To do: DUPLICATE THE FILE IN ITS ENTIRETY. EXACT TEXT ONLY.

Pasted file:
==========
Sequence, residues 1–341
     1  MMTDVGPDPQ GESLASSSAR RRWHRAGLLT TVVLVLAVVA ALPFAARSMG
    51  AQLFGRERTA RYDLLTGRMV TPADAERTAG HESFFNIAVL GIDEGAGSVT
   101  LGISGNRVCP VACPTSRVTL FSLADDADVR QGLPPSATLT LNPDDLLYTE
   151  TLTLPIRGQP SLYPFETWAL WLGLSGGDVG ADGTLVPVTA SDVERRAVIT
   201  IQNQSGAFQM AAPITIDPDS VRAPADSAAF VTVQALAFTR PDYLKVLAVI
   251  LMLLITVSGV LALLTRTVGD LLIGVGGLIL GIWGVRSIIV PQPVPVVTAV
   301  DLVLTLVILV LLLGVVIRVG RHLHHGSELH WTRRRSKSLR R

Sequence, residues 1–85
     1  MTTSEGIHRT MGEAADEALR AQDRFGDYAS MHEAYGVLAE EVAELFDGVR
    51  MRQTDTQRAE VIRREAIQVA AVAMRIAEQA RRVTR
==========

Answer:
Sequence, residues 1–341
     1  MMTDVGPDPQ GESLASSSAR RRWHRAGLLT TVVLVLAVVA ALPFAARSMG
    51  AQLFGRERTA RYDLLTGRMV TPADAERTAG HESFFNIAVL GIDEGAGSVT
   101  LGISGNRVCP VACPTSRVTL FSLADDADVR QGLPPSATLT LNPDDLLYTE
   151  TLTLPIRGQP SLYPFETWAL WLGLSGGDVG ADGTLVPVTA SDVERRAVIT
   201  IQNQSGAFQM AAPITIDPDS VRAPADSAAF VTVQALAFTR PDYLKVLAVI
   251  LMLLITVSGV LALLTRTVGD LLIGVGGLIL GIWGVRSIIV PQPVPVVTAV
   301  DLVLTLVILV LLLGVVIRVG RHLHHGSELH WTRRRSKSLR R

Sequence, residues 1–85
     1  MTTSEGIHRT MGEAADEALR AQDRFGDYAS MHEAYGVLAE EVAELFDGVR
    51  MRQTDTQRAE VIRREAIQVA AVAMRIAEQA RRVTR